Monday, December 26, 2011

"In the Company of Wolves" - Buffy Fanfic Review

I decided to review a bunch of fanfics I favorited a long time ago and haven't read in quite a while. Following up a review of a short little Animorphs poem, here's a good-sized Buffy the Vampire Slayer fanfic: "In the Company of Wolves" by Jonquil, posted November 3rd, 2000--February 2nd, 2001, with a twisted Willow/Spike romantic pairing. Following a shorter fanfic about season four Willow deactivating Spike's chip out of pity, "In the Company of Wolves" shows us the inevitable consequences of that action. Because of a threat Willow set up where if she turns up dead, an embarrassing video of Spike will be released, Spike instead imprisons her and takes her on a road trip to Canada. The fanfic focuses on the tense interaction between the two and the attraction Willow develops while trying (and mostly failing) to not become Spike's toy.

This is a very nice romance fic. It's got a horribly twisted premise, but it manages to capture a theme of romance without going into problematic territory like Twilight tends to do. It's never forgotten that what Spike is doing is evil. He's a likable love interest with some real feelings for Willow, but he's also an evil vampire. By the end, Willow's head over heels for him, but the power dynamic dramatically changes in the last third, putting them on more equal footing. They don't have sex until after the power shift, either, so it's not as rapey as it could be.

Most of the plot is set in Montreal. My first thought was that this was due to Jonquil being Canadian and wanting to write Buffy characters in a familar environment, but I was mistaken. From my look around her blog, it seems she's American and regardlessly had good reason for the setting. As Spike explains in the story, putting Willow in a foreign country with everyone speaking a foreign language makes her quite dependent on him and unlikely to be getting anyone to help her escape. The second reason is that due to the Underground City, it would logically be a very popular place for vampires. This allows the author to explore vampire cultures in the Buffyverse and how the older vamps conflict with the younger ones.

Jonquil's Montreal vampires have a more orderly society than what is usually seen in the Buffyverse, though there are similarities to the Wishverse alternate continuity. There's some vampire aristocracy featured, bridging the gap between old ruler Buffy vamps like Kakistos and more of the Anne Rice style of sophisticated vampire, though I wish there were more on vamps changing appearance to look like Count Orlock. A vampire bar for the younger vamps shows the usual urban Gothic motif. Both vampire cultures have BDSM themes--gone horribly wrong, of course, with true slavery and murder. A concept of vampires having formal human toys is introduced, a role Spike chooses for Willow to allow him to interact with other vampires without his ownership of her being challenged. Willow compares the vamps to the men of Gor novels, which strikes me as an odd reference. Do vanilla folks of Willow's generation know about Gor?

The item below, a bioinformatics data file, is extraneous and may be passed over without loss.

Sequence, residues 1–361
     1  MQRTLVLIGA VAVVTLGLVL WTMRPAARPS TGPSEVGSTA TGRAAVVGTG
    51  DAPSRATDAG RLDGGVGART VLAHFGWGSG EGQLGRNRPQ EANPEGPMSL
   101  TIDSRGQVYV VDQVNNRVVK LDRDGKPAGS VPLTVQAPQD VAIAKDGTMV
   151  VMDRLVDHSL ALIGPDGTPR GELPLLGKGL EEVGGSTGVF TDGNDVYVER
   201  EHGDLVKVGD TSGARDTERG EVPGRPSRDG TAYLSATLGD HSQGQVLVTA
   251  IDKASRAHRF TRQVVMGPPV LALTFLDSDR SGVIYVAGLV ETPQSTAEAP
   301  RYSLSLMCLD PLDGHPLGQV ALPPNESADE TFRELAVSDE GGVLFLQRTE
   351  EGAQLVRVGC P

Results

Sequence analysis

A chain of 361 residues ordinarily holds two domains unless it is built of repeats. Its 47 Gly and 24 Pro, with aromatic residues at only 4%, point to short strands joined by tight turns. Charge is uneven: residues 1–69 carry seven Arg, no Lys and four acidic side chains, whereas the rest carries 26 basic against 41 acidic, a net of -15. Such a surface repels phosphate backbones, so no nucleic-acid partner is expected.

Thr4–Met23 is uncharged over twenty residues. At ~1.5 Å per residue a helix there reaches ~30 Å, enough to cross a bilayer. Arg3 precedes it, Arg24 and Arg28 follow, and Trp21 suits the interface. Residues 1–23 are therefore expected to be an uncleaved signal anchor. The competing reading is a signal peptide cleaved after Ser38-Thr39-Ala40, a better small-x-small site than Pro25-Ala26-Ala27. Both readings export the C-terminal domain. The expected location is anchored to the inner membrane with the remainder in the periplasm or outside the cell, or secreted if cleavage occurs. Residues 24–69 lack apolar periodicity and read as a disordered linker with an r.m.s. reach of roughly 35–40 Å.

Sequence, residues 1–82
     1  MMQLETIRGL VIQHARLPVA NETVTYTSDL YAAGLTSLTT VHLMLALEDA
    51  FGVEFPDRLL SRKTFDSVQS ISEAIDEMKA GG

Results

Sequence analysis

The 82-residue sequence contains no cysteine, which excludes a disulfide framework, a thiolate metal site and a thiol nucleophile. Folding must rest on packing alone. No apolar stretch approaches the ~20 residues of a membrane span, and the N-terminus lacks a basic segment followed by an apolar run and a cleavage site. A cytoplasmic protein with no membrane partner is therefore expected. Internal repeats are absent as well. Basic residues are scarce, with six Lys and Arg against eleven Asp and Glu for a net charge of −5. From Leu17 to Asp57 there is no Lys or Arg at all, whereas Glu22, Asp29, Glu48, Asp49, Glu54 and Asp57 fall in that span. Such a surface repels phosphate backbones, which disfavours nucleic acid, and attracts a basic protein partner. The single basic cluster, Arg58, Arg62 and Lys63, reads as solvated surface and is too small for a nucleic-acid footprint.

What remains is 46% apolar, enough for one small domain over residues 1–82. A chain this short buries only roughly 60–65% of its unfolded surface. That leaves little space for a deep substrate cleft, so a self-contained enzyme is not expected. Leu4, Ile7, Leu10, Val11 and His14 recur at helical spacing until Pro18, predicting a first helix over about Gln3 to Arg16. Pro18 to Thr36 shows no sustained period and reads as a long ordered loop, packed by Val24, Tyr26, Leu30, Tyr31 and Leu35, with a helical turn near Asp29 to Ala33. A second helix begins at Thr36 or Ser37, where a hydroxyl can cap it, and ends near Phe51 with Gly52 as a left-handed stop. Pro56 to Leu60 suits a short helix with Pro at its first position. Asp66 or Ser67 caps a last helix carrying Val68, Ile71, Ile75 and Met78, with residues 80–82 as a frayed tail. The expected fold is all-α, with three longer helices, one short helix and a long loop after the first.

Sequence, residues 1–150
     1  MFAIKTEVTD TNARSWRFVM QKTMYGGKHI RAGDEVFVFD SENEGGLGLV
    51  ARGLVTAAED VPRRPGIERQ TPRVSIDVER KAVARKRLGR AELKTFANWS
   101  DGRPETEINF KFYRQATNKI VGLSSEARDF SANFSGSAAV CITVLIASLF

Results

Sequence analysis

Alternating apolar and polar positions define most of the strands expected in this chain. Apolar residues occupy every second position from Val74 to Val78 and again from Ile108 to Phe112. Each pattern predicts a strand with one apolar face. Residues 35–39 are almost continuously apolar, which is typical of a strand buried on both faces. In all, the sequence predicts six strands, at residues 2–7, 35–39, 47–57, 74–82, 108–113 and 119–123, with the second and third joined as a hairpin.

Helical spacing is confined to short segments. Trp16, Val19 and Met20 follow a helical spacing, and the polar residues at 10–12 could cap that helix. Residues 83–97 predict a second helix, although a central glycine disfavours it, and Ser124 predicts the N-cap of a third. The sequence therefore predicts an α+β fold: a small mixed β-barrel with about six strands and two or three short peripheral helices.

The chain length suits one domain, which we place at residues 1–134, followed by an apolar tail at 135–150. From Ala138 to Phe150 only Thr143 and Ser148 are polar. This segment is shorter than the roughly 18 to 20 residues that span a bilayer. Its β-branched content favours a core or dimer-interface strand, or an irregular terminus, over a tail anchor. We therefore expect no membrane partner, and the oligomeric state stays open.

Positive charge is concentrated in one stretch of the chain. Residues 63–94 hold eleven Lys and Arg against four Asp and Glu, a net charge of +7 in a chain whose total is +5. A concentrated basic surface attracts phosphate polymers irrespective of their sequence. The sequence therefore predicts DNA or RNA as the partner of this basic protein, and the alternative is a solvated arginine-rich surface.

Every story with BDSM aspects walks the fine line between erotic fiction and Plot? What Plot? (a trap I've fallen into myself), and Jonquil does pretty well at keeping it on the erotic fiction side of the line. The kinky elements are used sparingly, and she allows the story to slowly develop. The story is set around Willow dealing with her imprisonment more than romance, though the romance is a prevalent theme. One criticism I have, though, is that there isn't enough Willow without Spike. He leaves her in solitude a lot before she's willing to agree to wear his collar (well, necklace she can't take off), and this could have been a chance to delve into Willow's thoughts on these nights alone but instead it's just stated that it takes a week for her to agree.

The characterization could be better. While it's a fun story with a woman and a vampire, they don't exactly feel like Willow and Spike. The dialog, for instance, feels like a poor match to their canon counterparts. While Spike's got his "luv"s and "pet"s, his words seem incomplete. Likewise, Willow lacks the mega-slangage of the wacky characteristic to the Buffy younger cast. Still, there is character development through the course of the plot, just not of characters I'd consider accurate representations of Joss' Willow and Spike. Conversely, the original characters are simply flat antagonists.

All in all, it's a nice read but could impove. Jonquil started a sequel, "Something In Between", but it's been on hiatus since 2001 and is unlikely to be completed. "In the Company of Wolves" works as a standalone, though, and I'd recommend it to anyone cool with the premise.

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